So what has the renowned comedian and actor been up to these days? Where has his work brought him in the recent years? What happened to Eddie Murphy? Where is he now in 2018?
Eddie Murphy’s Childhood and Early Life
Born on April 3, 1961, in Brooklyn, New York, Eddie Murphy (Birth name: Edward Regan Murphy) is the son of Charles Edward and Lilian Murphy, an amateur comedian and telephone operator respectively. As a young boy, he spent most of his childhood in the neighbourhood of Bushwick with his family. When he was three years old, his parents divorced; his father later passed away in 1969. Following the ordeal, his single mother grew ill and was eventually hospitalized for a prolonged period of time; as a result, Murphy and his older brother Charles spent one year in the foster care system. After recovering from her health scare, his mother remarried a man named Vernon Lynch; together, the family relocated to Roosevelt, Long Island in the early 1970’s.
Growing up, Murphy had always had a thing for impersonations. In fact, he was known for his convincing Bugs Bunny and Bullwinkle impressions as a child. While he was never considered to be a studious student, he did excel at a game known as “ranking”ーone in which players trade witty insults with each other. By the time he was fifteen, Murphy had dazzled crowds with an impression of Al Green at the Roosevelt Youth Center. With his eyes set on becoming a professional comedian, he began writing and performing his own comedy routines in the subsequent years.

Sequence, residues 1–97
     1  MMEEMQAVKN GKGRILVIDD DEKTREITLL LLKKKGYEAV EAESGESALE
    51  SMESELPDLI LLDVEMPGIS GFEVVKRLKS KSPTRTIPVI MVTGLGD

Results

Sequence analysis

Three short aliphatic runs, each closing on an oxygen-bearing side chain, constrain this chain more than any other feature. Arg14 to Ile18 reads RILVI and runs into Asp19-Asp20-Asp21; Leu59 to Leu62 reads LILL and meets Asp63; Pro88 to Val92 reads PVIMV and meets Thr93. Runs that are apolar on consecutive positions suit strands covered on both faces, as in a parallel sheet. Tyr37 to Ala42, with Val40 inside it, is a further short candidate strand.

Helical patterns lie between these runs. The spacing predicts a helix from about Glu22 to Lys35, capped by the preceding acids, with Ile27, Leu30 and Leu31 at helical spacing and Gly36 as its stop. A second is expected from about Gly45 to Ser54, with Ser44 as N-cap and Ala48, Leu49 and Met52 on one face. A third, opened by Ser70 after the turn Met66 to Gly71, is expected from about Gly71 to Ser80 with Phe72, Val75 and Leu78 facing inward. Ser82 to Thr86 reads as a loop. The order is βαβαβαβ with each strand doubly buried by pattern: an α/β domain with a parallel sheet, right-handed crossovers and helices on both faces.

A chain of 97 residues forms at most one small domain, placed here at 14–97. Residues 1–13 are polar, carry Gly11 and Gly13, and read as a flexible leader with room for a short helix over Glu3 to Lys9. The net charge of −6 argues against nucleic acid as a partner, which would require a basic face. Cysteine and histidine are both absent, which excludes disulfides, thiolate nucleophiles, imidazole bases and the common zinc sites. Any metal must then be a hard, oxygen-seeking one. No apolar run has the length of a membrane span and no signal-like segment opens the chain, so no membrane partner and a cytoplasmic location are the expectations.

In attempts to “put himself out there”, he started to perform stand-up at a number of local clubs and bars in his late teens. After graduating from high school, he went to Nassau Community College and worked part-time at a shoe store, to his mother’s requests. Never having given up on his dreams, he continued to perform in local venues at night; before long, he had worked his way into the well-known Comic Strip of New York City.
Towards the late 1970’s, the popular late-night comedy sketch, Saturday Night Live advertised that they were recruiting a black cast-member for the upcoming season. Ecstatic, Murphy immediately jumped at the opportunity and auditioned for the partーsix times. With much perseverance, he eventually landed a role as an extra.